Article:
Hello friends. We have the return today of a list-member favorite, an up-and-coming winery that still flies mostly under the national radar but is developing quite a local following: Eight Bells.
I think there are two main reasons why our list members have fallen hard for this winery: 1) their continuing focus on Red Willow Vineyard, one of the finest pieces of terroir in Washington; and 2) their pricing structure, which favors more accessible tariffs than we’re used to seeing for Red Willow fruit.
To date, most of our focus has been on their Red Willow Syrahs, but Cabernet may end up being the real shining star at Eight Bells, beginning with this 2010 vintage, where they were granted access to exceptional fruit with a rich history.
Located towards the far western edge of the Yakima Valley (location here), Red Willow was originally planted by Mike Sauer in 1973. Much of Mike’s plantings over the years were done in conjunction with the late Master of Wine and long-time Columbia Winery winemaker David Lake. Those plantings include a total of four field-blend blocks, and amazingly, Eight Bells gets the fruit from three of those four blocks. One is the “Clonal Block” Syrah that we offered in February (going forward, this will be called “8 Clone”). Another is David’s Block.
Named after David Lake, who designed it, this block is another experimental part of the vineyard, developed to test out a number of different clones. It contains rows of all five Bordeaux varietals, and each row contains a different clone. For example, there are twelve rows of Cabernet Sauvignon, which means there are twelve different clones of Cabernet Sauvignon. Mike Sauer’s goal, and the eventual goal of the folks at Eight Bells, is to be able to harvest the entire block in a single day and co-ferment all the grapes together.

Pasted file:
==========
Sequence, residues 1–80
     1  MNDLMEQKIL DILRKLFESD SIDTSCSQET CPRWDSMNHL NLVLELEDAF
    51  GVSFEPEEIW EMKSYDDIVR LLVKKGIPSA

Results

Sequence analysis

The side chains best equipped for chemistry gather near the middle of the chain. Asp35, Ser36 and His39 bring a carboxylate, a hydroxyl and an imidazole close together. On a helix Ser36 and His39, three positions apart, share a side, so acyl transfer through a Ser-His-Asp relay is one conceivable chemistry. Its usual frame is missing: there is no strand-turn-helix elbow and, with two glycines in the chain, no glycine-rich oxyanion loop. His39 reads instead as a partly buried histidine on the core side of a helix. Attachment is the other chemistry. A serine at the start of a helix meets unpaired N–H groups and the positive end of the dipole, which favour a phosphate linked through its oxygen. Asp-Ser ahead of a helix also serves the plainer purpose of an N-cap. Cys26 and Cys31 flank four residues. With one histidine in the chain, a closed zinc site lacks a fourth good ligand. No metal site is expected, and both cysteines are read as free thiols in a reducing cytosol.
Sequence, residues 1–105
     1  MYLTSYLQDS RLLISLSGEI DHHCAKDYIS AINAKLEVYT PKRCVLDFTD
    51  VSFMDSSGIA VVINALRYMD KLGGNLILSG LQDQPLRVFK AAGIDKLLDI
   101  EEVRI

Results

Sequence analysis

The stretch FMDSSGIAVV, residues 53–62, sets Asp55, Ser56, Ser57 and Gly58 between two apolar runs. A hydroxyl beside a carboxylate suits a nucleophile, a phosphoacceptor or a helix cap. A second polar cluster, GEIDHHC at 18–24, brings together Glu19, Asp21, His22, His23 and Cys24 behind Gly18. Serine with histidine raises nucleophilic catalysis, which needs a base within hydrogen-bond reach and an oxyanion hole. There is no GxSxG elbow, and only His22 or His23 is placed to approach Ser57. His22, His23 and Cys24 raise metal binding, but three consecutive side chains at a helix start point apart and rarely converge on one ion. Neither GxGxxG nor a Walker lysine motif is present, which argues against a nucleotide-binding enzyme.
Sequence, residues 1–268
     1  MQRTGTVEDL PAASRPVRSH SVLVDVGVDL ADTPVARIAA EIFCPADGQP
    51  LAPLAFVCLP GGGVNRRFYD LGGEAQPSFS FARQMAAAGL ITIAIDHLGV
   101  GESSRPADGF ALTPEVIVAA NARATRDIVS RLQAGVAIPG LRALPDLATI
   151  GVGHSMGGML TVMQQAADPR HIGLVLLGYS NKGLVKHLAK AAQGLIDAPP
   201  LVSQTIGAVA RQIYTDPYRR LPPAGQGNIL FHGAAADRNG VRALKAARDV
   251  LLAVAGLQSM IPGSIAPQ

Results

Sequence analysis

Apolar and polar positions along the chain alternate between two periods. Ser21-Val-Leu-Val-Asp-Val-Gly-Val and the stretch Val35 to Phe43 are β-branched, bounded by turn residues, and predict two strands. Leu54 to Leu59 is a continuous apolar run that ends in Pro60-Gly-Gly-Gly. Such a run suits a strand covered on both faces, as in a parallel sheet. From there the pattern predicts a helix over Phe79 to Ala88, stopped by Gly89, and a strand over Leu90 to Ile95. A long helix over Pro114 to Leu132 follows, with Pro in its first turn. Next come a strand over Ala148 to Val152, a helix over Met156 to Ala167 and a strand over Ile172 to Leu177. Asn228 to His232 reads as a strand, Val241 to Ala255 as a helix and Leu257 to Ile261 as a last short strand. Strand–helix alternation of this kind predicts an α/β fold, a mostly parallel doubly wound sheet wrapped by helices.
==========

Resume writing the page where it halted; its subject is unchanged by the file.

Now it would be one thing if this wine just had historical significance. That would be enough to tickle the intellect. But it hits the double-whammy, engaging the intellect and the senses. It’s dynamite Cabernet. And when you look at this wine’s peer group – other Red Willow Cabernets (e.g. Owen Roe at $72) – Eight Bells is coming in well below tariff par for its comparables. It’s an outstanding value, and it starts with a nose that is pure and deep, all red cherry fruit and earthy black soil. The palate continues the combination of red fruit and earth, layering in fresh topnotes of mint and bay-leaf, as well as cocoa powder and espresso barrel notes. The texture is beautifully managed, offering a seamless, elegant mouthfeel, with all components in perfect proportion. When it rolls into its chewy Cabernet finish, you’re left with a toothsome lick of tannins, suggestive of dust and dried leaves.
Jeb Dunnuck got his hands on a bottle for his first set of Wine Advocate reviews, and this is among the lowest-priced Cabernets to receive a review this strong: one more piece of evidence of this wine’s fine value.
Wine Advocate (Jeb Dunnuck): “($35); [REVIEW TEXT WITHHELD]. 93pts.”
First come first served up to 12 bottles, and the wine should arrive at the warehouse in about a week, at which point it will be ready for pickup or shipping during the next temperature-appropriate shipping window.